Skin Surgery (Mole and Cancer Removal)
Most of the population has moles, warts, pigmented spots and other lesions on their head, face and neck. Moles can be present at birth or appear later in life as a result of sun exposure or hereditary factors. Most of these growths are benign; however, some lesions may be pre malignant or malignant. Most types of skin cancers can look like common moles. Basal cell carcinoma is a cancerous mole that classically does not spread to distant parts of the body, but in some areas of the face can spread to deeper structures and require extremely disfiguring surgeries to be removed. Moles that are basal cell carcinoma can have a pearly appearance and can also have spider veins associated with the mole. Squamos cell carcinoma is a more aggressive lesion that usually presents as an ulcer with ability to spread to distant organs. One of the most dangerous cancer in humans is melanoma, this pigmented lesion needs only couple of millimeters (depth of invasion) to develop metastasis; if is not diagnosed early, its effects can be catastrophic.
What are signs of alarm of a skin lesion?
Asymmetry, irregular borders, irregular distribution of the pigment and diameter larger than a size of a pencil eraser (6mm).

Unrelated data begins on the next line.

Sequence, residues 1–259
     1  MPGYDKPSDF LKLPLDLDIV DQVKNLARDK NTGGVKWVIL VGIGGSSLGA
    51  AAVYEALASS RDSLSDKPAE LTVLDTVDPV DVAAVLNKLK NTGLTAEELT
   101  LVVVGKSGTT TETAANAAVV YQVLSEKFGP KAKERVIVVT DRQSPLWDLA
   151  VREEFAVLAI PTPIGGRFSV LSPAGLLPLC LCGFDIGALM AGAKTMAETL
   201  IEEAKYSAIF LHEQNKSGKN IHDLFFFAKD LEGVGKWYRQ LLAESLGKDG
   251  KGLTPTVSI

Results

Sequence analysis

How skin lesions can be treated?
Small lesions can be treated with liquid nitrogen, laser, radio-wave, cauterization and conventional surgery.
Large lesions oftentimes have to be biopsied to know the diagnosis before definitive excision. A skin biopsy is the removal of a piece of skin for the purpose of further examination in the laboratory using a microscope. There are several ways to biopsy the skin. A shave biopsy is a procedure in which the doctor takes a thin slave off the top of the skin, punch biopsy takes a small fragment of tissue from the area of interest, incisional biopsy takes a piece of the lesion using the scalpel blade and lastly there is the excisional biopsy which is used to completely remove the abnormal area of skin.
In the oral cavity the most common types are: punch, incisional and excisional biopsies. The inside of the mouth is lined with a special type of skin called mucosa that is smooth and pink in color. Any other color or alteration in this appearance should be a slight warning for pathological process. There are several ways to detect suspicious lesions: reddish or whitish patches in the mouth, a sore that does not heal and bleeds easily, a lump or thickening. These changes can be seen on the lips, gum, and tongue, floor of the mouth, cheeks and palate.
Local anesthesia and intravenous sedation are used in most cases, large cancer surgeries have to be done under general anesthesia.